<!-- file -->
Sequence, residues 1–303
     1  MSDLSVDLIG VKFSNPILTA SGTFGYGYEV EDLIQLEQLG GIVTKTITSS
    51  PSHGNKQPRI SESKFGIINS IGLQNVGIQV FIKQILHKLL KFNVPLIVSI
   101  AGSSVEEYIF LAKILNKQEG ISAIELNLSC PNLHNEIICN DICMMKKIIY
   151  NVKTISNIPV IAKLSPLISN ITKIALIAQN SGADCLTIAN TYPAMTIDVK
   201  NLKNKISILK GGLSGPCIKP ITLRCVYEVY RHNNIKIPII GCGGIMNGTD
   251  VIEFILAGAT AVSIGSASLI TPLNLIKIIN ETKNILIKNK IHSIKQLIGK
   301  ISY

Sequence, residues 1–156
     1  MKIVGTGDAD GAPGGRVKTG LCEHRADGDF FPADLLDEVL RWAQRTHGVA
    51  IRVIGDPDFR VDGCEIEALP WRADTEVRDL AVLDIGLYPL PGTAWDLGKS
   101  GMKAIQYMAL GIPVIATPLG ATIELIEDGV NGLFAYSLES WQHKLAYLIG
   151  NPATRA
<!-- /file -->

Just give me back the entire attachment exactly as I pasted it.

Sequence, residues 1–303
     1  MSDLSVDLIG VKFSNPILTA SGTFGYGYEV EDLIQLEQLG GIVTKTITSS
    51  PSHGNKQPRI SESKFGIINS IGLQNVGIQV FIKQILHKLL KFNVPLIVSI
   101  AGSSVEEYIF LAKILNKQEG ISAIELNLSC PNLHNEIICN DICMMKKIIY
   151  NVKTISNIPV IAKLSPLISN ITKIALIAQN SGADCLTIAN TYPAMTIDVK
   201  NLKNKISILK GGLSGPCIKP ITLRCVYEVY RHNNIKIPII GCGGIMNGTD
   251  VIEFILAGAT AVSIGSASLI TPLNLIKIIN ETKNILIKNK IHSIKQLIGK
   301  ISY

Sequence, residues 1–156
     1  MKIVGTGDAD GAPGGRVKTG LCEHRADGDF FPADLLDEVL RWAQRTHGVA
    51  IRVIGDPDFR VDGCEIEALP WRADTEVRDL AVLDIGLYPL PGTAWDLGKS
   101  GMKAIQYMAL GIPVIATPLG ATIELIEDGV NGLFAYSLES WQHKLAYLIG
   151  NPATRA